Background: Recently, patents of several atypical antipsychotics have reached their expiration date. Aims: The purpose of the study was to highlight whether modifications of economic/scientific factors may be associated with possible changes in ongoing clinical research on antipsychotic drugs. Methods: A large systematic analysis was used to depict the time-dependent distribution of published research articles addressing the clinical properties of oral risperidone and olanzapine conventional tablets, two largely prescribed atypical antipsychotics for which the patents have already expired in most of the countries. Results: The systematic analysis indicated that the time-dependent distribution of the selected research articles followed a wave-shape pattern. A dramatic decline of primary and secondary analyses investigating the clinical effects of oral risperidone and olanzapine has occurred in the last decade, complemented by an expected strong reduction in the numbers of industrial-supported clinical studies and a smaller, but significant, decline in the amount of independent research articles. Conclusions: To date, greater involvement of independent research seems to be the only realistic chance to properly continue the investigation on the clinical properties of oral risperidone and olanzapine conventional tablets, as well as those of other off-patent antipsychotic drugs. However, the limits and potentialities of independent research in accomplishing such a demanding and enduring scientific effort should be addressed.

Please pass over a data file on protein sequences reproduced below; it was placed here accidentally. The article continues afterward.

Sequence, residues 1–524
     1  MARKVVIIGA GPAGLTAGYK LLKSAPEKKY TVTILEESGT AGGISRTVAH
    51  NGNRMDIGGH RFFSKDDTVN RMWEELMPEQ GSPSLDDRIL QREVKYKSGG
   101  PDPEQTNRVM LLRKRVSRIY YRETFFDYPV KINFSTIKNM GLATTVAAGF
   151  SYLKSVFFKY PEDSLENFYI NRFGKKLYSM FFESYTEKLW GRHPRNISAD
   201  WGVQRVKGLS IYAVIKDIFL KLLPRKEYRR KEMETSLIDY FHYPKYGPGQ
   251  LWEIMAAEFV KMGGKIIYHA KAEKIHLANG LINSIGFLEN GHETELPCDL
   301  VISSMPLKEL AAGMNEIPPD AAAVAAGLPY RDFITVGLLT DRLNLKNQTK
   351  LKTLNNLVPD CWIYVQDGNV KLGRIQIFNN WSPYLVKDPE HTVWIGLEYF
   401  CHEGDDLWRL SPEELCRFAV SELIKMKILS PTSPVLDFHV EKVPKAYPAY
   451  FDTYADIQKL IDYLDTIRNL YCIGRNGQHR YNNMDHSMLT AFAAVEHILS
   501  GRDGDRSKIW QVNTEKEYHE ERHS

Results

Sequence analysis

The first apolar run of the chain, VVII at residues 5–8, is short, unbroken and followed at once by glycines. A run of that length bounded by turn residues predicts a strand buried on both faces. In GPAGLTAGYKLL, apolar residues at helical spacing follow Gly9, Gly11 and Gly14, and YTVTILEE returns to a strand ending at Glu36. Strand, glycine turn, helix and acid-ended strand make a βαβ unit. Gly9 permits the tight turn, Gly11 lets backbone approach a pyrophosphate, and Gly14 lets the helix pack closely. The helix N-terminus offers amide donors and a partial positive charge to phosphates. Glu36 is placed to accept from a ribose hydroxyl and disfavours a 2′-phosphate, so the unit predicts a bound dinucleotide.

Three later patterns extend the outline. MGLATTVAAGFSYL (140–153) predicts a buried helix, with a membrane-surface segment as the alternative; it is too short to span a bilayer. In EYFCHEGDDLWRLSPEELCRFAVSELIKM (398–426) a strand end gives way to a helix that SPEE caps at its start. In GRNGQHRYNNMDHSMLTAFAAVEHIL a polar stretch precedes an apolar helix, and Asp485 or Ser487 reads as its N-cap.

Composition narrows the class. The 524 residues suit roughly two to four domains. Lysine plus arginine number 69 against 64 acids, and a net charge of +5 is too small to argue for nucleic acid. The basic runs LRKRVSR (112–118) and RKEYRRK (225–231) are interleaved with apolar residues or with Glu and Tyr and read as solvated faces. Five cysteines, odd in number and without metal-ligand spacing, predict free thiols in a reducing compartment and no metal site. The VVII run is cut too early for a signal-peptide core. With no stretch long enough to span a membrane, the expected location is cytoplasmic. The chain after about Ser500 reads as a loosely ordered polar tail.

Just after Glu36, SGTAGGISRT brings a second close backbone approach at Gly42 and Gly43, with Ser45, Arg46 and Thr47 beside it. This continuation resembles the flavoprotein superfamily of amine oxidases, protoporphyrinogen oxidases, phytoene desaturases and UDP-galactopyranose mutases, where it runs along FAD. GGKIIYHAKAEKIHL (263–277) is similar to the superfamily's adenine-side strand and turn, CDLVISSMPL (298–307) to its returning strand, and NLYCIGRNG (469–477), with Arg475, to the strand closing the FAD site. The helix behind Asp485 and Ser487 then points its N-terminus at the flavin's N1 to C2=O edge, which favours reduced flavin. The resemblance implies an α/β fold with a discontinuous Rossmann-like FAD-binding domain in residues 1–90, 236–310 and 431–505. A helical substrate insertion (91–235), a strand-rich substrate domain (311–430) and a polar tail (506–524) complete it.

- systematic analysis